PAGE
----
Cambodia – Tips To Make The Most Of Angkor Wat

For most people, the two things that spring to mind when thinking about Cambodia are the regions tragic recent past, and the glory of the ancient site of Angkor Wat.

Angkor Wat is just one of the ancient ruins in the Angkor temple complex, but it is the most famous. Images of Angkor Wat feature on the countries national beer, and it even appears on the flag. Built in early 12th century, the temples of Angkor Wat  offer remarkable insight into life during these times.

There are over a thousand temple ruins scattered over the grounds near the city of Siem Riep, and many of the temples have been restored for visitors. When planning your holiday in Cambodia, make sure you do not forget to include a visit to Angkor.

angkor

Temple reliefs offer insight to life during this period

Tips To Make The Most Of Your Visit To Angkor

Tip 1 : Give Yourself Plenty Of Time

The Angkor park covers a lot of ground, and even the most basic temple viewing itinerary can contain dozens of interesting sites. To gain entry into the park, you must buy a pass. Although day passes are available, if you want to get the full Angkor experience, then I recommend buying at least a three day pass.

Angkor

Jade at a temple at Angkor

Tip 2 : Try To Avoid Travelling During The Hottest Season

When you are visiting the temples, you will be spending the better part of your day outside. You will also find yourself compelled to climb hundreds upon hundreds of stairs to visit the tops of some of the temple ruins. If you have flexibility in your planning, try to avoid the hottest times of year fo your visit, as it is not uncommon for visitors who are unused to the heat to suffer from heat exhaustion or even heat stroke.

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Tip 3 : Stay Hydrated

You will be doing a lot of walking and climbing, so it is imperative to make sure you drink plenty of water. There are many vendors throughout the park who sell drinking water, so it is always easy to obtain. Also, it is not a bad idea to take along some rehydration salts with you to add to your water, to make sure you are up keeping all your bodies essential salts that it needs to function.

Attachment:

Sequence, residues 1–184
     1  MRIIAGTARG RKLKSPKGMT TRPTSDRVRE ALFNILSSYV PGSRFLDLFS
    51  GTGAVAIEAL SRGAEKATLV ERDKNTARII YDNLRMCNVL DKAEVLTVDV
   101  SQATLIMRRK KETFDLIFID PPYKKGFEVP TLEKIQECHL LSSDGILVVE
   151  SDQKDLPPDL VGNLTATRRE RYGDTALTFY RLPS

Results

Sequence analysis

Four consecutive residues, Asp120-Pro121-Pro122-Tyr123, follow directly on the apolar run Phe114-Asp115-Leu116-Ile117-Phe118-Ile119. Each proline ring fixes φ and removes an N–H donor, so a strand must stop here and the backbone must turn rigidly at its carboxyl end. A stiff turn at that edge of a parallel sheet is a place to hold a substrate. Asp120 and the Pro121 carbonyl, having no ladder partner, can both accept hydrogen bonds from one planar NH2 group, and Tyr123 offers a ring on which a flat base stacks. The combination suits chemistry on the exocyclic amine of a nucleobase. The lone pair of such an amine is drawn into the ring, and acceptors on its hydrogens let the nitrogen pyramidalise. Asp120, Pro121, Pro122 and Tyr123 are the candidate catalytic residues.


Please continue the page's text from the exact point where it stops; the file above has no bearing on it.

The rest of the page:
Tip 4 : Arrive Early And Stay Late To Avoid Crowds

There is nothing more sublime then watching the sun rise or set over a backdrop of ancient temple ruins. Also, by visiting at these times, you will be able to avoid the many tourists who visit via tour bus. Try to plan your visit to the temples that interest you the most at these ideal times.

Bayon

The Bayon temple was my favourite at the Angkor Park

Tip 5 : Don’t Overdo It. Hire A Tuk Tuk Driver

One mistake that we made when we visited Angkor, was trying to do the majority of temples by foot. Even though in normal circumstances, that amount of walking would have been fine for me – in the heat of a Cambodian summer it was just too much. I ended up with heat exhaustion, and had a difficult time enjoying some of the temples we visited. So make it easy on yourself, and remember you are on holiday. By hiring a tuk tuk driver to escort you around the temples for the day, you not only help a local small business person, but you also conserve your energy for climbing up more of those temple stairs!

Have you been to Angkor? Do you have any tips to share? Let us know in the comments!

Comments

  1. says

    I just love these tips! I had been to Angkor Wat in December last year and it was great experience for me. I have hired a tuk tuk indeed and that save me more on time sightseeing. I also choose to start to sunrise then capped it with a great beer at the Pub Street in Siem Reap.

    I missed it there and the photos you have are awesome! :)

    • says

      Thanks for your comment Wends! I think out of all the tips, hiring a tuk tuk is the most valuable. I think a lot of people underestimate just hot much there is to see at Angkor, and a tuk tuk helps you see more without getting so tired

  2. says

    Excellent tips, I think some of these can apply to nearly any popular destination you visit.. I know I would’ve enjoyed Tulum much more if we’d gotten there early before all the other tourists.

  3. Noah Lederman says

    Just left Angkor Wat this week. Aside from how impressive it was, there were three things that I did that made the area very special.
    1. Head to Bantei Srei. From there, visit the land mine museum. The temple is beautiful. The museum is tragic.
    2. Rent a bike. I’m scared of bike riding and I was the only person in Angkor wearing a helmet, but even I had a blast. Plus you can bike around temples that you don’t really care to see.
    3. Talk to the kids selling stuff. They’re awesome when they’re not just saying “please buy from me”

    • says